UTX is currently trading at ~$117 which gives us a PE of 18, an adjusted PE of ~15.37, and a forwarded adjusted PE of ~14.90 when I use the mid-point ($7.85) of UTX’s projected FY2019 adjusted EPS range.
Based on the above I view UTX as being fairly valued.
Dividend, Dividend Yield, Dividend Payout Ratio
I always look at the company’s website when conducting my research and today I noticed the dividend history reflected UTX’s quarterly dividends AND it also reflected Rockwell Collin’s quarterly $0.33/share dividend. As a result, the FY2018 total dividend amounted to $4.155/share; I only received $2.835/share in dividends from UTX in 2018.
I contacted UTX’s Investor Relations department and they acknowledged the error. The web page with this erroneous information is to be corrected.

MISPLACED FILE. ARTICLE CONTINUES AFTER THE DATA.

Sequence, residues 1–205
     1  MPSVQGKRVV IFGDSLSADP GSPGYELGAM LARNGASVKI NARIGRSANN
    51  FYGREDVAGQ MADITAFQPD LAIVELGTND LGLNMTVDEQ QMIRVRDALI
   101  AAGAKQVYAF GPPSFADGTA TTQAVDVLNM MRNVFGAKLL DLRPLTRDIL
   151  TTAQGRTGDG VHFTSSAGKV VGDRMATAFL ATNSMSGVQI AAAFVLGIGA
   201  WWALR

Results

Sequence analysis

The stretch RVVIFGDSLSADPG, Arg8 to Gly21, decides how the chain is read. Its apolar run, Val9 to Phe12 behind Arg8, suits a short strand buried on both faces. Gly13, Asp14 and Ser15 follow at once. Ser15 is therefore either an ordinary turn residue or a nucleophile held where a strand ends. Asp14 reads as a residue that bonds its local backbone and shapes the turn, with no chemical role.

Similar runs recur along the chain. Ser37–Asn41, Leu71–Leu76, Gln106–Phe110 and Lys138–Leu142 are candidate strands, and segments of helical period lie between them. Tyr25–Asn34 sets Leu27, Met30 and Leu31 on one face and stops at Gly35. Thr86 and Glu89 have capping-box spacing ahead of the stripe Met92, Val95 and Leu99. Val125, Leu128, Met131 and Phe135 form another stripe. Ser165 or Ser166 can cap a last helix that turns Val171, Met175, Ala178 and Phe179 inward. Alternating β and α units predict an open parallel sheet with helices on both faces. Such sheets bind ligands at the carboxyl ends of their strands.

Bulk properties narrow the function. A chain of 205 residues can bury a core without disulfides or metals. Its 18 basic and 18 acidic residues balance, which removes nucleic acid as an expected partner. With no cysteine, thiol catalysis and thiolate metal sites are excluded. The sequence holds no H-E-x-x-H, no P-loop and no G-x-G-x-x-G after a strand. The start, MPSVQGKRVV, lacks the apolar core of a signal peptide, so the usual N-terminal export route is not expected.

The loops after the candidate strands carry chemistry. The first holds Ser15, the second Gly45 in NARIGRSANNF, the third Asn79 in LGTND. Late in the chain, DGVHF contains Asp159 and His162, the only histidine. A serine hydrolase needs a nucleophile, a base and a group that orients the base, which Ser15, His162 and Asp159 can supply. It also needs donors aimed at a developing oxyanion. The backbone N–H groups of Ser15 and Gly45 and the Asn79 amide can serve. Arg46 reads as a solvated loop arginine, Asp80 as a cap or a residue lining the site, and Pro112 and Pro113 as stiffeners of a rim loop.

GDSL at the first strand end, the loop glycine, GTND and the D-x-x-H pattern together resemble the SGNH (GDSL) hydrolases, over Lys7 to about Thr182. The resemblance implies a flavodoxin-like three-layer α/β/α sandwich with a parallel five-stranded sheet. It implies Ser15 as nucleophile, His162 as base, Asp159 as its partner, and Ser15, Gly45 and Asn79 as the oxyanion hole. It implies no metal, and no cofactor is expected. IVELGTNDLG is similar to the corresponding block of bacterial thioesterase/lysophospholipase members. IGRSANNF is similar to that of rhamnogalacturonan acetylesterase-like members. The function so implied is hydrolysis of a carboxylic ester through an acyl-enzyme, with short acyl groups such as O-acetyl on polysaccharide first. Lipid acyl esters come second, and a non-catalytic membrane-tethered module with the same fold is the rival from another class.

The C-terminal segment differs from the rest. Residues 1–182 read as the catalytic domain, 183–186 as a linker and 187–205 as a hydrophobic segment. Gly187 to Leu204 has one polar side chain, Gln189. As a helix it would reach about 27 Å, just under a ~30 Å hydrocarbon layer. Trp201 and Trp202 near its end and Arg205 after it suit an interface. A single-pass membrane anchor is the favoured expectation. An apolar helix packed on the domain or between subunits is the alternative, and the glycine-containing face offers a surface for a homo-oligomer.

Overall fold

The dividend payable the first week of March has not yet been declared but if history is any indication, I expect the dividend to be declared the first week of February.
UTX increased its quarterly dividend from $0.70/share to $0.735/share when it declared its December dividend in October 2018.
I am erring on the side of caution and am approaching anything to do with UTX’s dividend on the basis that UTX will NOT announce another dividend increase to account for Rockwell Collins former $0.33/share quarterly dividend. If UTX’s Board of Directors intended to increase UTX’s quarterly dividend to include all/part of the Rockwell Collins quarterly dividend, I imagine this would have been addressed at the time of the dividend increase in October.
On this basis I am forecasting three $0.735/share quarterly dividend payments in 2019 (March, June, and September) and am conservatively projecting a 4.0% dividend increase (~$0.765) for the December dividend. This would give us a $2.97/share dividend for 2019. Using the current ~$117 share price we get a forward dividend yield of ~2.54%. This projected dividend yield is superior to that which I calculated in my January 30th and October 23rd 2018 UTX articles.